But what has made my Jewish American Princess heart sing of late is that there is now (yippee!!) a Sephora cosmetics store at Andares mall. I know, how superficial, how ridiculous, overpriced makeup when you could buy the same thing at the drugstore. Well, here, you CAN’T buy the same thing at the drugstore; in that respect it is still different from the States. Back in the Ancestral Homeland the scruffiest CVS or Duane Reade has a boatload of modestly priced and fun makeup and beauty accessories (hey, I’m 65, I need all the help I can get), but here, the farmacia pretty much sells medications and a few household items like diapers and toilet paper, and that’s it. Farmacia Guadalajara, the big chain around here, has hardly any cosmetics at all.

Thus I was looking for a few things I missed picking up in New York; I knew that Sephora would likely have them. So I went in with great anticipation as they have just recently opened their first stores in Mexico. To my great delight I found most of what I needed but a few things were not to be found, and the very nice young man who seemed to be the manager said “Yes, I’m so sorry we don’t have that in yet, Señora, but we will. Every week they are shipping us more things and soon we will pretty much have what Sephoras elsewhere in the world have. You must come back soon.”

We had a lovely lunch, along with dozens of stylish, professional Mexicans, executives having business meetings, elegant women having ladies’ lunches, young families with kids turned out in all the latest gear, at a terrific sleek, gray and steel Italian restaurant. We wandered around afterwards and bought a few more things, having had a much-needed (after all the medical stress of the last few weeks) dose of retail therapy. Just knowing it’s all there, an hour away, somehow makes more bearable the infuriating lapses of electricity, the home repair people who say they’re coming and then don’t; the petty thievery of the glass from the lamps outside our gates, the garbage strewn around the calle carelessly after every weekend’s fiestas and other stark reminders of the class differences in our village. A romp through Andares, with all its superficiality and contemporary temptations, sometimes is just what the doctor ordered, especially after an in-office cappuccino. From my Encino-bred punto de vista (point of view), every once in awhile one needs a break from the undeniable fact of Mexico being indeed the “land of contrasts” with a return – however brief – to the familiarity of the good ol’ global monoculture.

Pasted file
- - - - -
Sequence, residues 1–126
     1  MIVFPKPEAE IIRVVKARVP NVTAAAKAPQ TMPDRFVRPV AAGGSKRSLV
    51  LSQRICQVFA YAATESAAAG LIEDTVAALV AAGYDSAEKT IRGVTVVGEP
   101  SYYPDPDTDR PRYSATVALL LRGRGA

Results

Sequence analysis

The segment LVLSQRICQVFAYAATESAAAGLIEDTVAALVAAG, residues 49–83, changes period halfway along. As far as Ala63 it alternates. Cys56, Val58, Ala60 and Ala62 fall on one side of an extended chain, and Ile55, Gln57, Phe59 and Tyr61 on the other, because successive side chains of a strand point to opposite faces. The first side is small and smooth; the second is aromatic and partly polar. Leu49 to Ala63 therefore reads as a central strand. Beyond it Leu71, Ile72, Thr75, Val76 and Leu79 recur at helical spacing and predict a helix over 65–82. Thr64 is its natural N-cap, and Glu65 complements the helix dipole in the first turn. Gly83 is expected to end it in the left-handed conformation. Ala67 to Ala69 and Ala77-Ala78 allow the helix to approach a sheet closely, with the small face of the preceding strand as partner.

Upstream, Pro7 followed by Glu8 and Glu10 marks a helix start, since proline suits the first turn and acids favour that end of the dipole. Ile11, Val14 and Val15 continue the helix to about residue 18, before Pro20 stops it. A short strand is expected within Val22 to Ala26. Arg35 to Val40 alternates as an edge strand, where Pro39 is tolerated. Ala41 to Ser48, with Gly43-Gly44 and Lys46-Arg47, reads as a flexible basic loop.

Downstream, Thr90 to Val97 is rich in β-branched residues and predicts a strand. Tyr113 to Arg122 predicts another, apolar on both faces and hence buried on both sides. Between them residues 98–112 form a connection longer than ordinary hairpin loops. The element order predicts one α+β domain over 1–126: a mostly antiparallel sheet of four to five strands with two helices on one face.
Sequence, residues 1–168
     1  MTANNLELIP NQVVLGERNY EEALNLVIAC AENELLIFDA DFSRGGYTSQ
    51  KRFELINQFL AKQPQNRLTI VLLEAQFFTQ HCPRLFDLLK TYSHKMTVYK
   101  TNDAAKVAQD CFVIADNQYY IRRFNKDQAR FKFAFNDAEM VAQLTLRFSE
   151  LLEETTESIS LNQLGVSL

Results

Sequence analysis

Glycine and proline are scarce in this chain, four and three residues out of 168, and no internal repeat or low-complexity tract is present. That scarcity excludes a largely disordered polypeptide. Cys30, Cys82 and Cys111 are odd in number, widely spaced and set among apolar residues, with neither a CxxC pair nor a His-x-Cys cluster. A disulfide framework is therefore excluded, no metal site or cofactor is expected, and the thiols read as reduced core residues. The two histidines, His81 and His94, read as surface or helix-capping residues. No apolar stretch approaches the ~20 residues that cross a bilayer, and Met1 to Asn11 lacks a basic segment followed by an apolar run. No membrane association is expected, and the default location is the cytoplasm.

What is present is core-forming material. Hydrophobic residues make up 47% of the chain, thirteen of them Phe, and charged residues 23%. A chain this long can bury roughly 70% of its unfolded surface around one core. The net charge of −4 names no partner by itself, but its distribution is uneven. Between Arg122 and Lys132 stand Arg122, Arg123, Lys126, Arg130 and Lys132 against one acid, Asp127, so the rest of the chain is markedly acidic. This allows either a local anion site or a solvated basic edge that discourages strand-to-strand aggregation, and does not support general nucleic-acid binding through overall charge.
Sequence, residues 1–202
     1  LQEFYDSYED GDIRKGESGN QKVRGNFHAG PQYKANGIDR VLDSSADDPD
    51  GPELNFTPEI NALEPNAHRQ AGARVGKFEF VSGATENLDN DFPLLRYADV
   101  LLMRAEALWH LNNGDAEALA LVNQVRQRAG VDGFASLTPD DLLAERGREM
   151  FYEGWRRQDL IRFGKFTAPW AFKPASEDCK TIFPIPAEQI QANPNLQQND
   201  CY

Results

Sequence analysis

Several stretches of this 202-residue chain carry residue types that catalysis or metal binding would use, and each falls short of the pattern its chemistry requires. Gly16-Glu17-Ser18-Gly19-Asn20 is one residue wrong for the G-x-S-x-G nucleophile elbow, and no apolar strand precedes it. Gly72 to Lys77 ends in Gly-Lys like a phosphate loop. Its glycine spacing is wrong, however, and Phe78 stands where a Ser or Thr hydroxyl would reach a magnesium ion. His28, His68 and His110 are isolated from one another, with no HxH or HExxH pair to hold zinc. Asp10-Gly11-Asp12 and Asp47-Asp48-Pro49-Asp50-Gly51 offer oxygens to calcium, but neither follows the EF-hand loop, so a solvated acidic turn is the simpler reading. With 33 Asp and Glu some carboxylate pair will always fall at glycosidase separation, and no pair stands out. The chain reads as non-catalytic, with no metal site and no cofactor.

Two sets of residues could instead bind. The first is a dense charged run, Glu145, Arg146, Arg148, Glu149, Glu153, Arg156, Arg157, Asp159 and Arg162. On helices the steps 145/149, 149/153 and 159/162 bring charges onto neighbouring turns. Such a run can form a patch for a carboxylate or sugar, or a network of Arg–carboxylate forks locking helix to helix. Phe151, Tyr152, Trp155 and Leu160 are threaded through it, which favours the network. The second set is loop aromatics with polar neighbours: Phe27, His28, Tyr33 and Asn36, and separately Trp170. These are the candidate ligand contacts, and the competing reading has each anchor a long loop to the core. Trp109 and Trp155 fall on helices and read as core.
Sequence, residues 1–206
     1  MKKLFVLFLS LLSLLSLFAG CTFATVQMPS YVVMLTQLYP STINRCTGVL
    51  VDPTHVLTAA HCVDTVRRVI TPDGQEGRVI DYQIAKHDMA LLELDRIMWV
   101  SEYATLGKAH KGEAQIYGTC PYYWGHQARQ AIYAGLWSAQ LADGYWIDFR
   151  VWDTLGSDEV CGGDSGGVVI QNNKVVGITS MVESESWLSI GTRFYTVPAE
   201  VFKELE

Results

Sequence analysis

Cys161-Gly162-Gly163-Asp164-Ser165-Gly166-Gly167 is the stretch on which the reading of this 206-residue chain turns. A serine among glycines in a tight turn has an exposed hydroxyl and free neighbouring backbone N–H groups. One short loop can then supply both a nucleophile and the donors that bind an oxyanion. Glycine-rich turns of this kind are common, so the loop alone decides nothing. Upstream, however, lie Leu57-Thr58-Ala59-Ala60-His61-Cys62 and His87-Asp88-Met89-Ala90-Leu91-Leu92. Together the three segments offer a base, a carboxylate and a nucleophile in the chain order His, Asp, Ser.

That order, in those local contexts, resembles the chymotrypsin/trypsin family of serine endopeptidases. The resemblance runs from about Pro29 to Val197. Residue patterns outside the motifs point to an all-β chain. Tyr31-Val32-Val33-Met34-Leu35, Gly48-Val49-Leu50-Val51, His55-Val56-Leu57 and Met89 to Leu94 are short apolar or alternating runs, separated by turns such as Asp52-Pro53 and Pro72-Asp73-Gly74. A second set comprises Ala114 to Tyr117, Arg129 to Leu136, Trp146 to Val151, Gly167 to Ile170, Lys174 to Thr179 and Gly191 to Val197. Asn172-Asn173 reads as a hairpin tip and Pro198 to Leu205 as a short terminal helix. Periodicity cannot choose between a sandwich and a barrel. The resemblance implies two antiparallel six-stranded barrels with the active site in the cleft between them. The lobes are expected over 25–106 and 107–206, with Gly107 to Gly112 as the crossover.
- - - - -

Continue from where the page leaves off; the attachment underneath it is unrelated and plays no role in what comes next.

Apparently they are coming out with a new Andares app for your cell phone that will tell you everything that’s going on in the mall and gives you contact information and such for all the stores. – sales, special events and such. ¡Muy padre! (very cool). I can’t wait to take my sister there when she comes down to visit next month, so we can both wear something pretty for lunch, and channel our inner Valley Girl heritage, at least for a day.  Meanwhile if you want to see what an upscale Mexican mall looks like, here is a link to Andares’ 360 degree photo panorama. And of course, it’s like this all year. No snow in Guadalajara!

http://www.andares.com/andaresv2/recursos/vista/CentroComercialAndares.html

3 comments

  1. Ah, you and Gloria are soul sisters, shopaholics and lovers of lujo las dos!! Haha. Everyone in the north just goes to those fancy stores for emergency buys. The real shopping takes place 3 hours drive away in Texas because everything costs about a third of the price. Good old NAFTA, verdad! hugs

  2. Well, a girl’s gotta do what a girl’s gotta do…if I had what you guys have available a mere three hours away, I’d be the first one on the cuota! It IS insanely expensive in Palacio and places like that. It always amazes me to see serious shoppers in there. But if you just enjoy the prowl, and resist buying anything (or very little) it at least reassures you that you haven’t left all of civilization behind!

  3. I know what you mean about needing that touch of “home”. When I would start to miss the US (for what it easily offered us that Ajijic did not/could not) I would take a trip to Costco and the Galarias Mall.

    I’d love to visit this area next time we’re down. And, no, I certainly know that none of my doctors have espresso machines in their offices, nor do I ever get the “service” and friendliness that your doctor offers – another difference in cultures I’m afraid….score one for Mexico!